I was referring to the sight of Abbotsford’s Mayor Peary on the television news informing potential businesses, investors, residents and any other interested parties that Abbotsford’s water supply infrastructure is inadequate to the point that, despite a much rainier spring and a much latter than normal beginning to warm summer weather, that water rationing is required in Abbotsford in order for the Abbotsford Fire Department to have sufficient supplies of water to fight fires.
The fact that Mayor Peary’s revelation Abbotsford lacks the water supply to fight fires without water rationing may deter potential businesses and residents from moving to Abbotsford has both a positive and a negative side.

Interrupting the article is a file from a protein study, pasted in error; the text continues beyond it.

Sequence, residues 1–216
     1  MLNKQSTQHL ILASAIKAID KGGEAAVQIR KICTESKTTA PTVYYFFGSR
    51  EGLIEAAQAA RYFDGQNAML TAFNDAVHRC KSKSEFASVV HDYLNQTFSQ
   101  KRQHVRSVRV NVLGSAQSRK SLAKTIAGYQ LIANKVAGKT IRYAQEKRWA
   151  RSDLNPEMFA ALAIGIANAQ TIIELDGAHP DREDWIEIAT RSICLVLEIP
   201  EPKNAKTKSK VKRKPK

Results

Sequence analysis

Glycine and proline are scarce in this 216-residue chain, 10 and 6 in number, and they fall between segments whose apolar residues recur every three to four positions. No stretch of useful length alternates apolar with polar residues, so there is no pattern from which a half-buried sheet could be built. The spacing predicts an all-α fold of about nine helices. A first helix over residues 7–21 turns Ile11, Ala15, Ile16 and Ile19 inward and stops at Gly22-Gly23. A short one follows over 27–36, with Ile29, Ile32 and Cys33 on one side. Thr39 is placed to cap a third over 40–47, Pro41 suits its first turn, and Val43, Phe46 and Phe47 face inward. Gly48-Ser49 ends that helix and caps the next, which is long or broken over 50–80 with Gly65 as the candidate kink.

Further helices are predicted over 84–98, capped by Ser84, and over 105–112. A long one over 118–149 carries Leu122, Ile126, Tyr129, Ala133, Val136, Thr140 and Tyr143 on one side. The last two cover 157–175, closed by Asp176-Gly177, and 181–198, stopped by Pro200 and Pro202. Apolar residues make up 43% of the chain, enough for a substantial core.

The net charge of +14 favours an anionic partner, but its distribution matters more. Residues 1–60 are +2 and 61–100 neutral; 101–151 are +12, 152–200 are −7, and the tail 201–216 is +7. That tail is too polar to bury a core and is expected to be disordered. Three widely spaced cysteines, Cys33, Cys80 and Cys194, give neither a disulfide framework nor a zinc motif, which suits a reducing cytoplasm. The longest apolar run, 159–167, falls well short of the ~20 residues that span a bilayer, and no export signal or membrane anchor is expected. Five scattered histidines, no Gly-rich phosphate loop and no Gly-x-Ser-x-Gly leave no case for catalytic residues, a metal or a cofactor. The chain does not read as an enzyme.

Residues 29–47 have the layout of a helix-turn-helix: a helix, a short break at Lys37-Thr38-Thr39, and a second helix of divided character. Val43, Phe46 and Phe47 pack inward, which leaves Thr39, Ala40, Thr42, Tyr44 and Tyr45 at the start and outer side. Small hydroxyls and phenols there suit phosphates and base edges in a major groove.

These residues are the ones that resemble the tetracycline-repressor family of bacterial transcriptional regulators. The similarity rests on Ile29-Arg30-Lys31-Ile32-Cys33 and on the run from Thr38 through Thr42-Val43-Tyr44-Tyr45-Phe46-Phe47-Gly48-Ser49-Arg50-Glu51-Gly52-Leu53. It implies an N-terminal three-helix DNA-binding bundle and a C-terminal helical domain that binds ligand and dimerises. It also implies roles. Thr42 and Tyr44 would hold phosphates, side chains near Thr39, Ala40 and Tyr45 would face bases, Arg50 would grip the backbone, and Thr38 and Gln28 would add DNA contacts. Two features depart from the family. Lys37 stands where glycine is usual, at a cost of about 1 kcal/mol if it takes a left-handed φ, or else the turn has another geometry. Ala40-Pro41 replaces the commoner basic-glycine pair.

On the negative side is the reality that with the financial quagmire council has sunk the city into, the loss of the development fees, business and property taxes as a result of the public acknowledgement of Abbotsford’s lack of sufficient capacity to meet the water needs of the city, may well cause the city to run out of money and into bankruptcy.
On the positive side slowing growth will reduce the growing strain on Abbotsford’s inadequate water delivery infrastructure and delay the need to impose restrictions or limits on how much water a household can use period; buying time to do a proper job of bringing Abbotsford’s water delivery infrastructure to a capacity sufficient to meet current and future water demands.
I know council will undoubtedly continue to insist that council knows what it is doing, there is no problem with capacity and there is no water problem, much less crisis, in Abbotsford.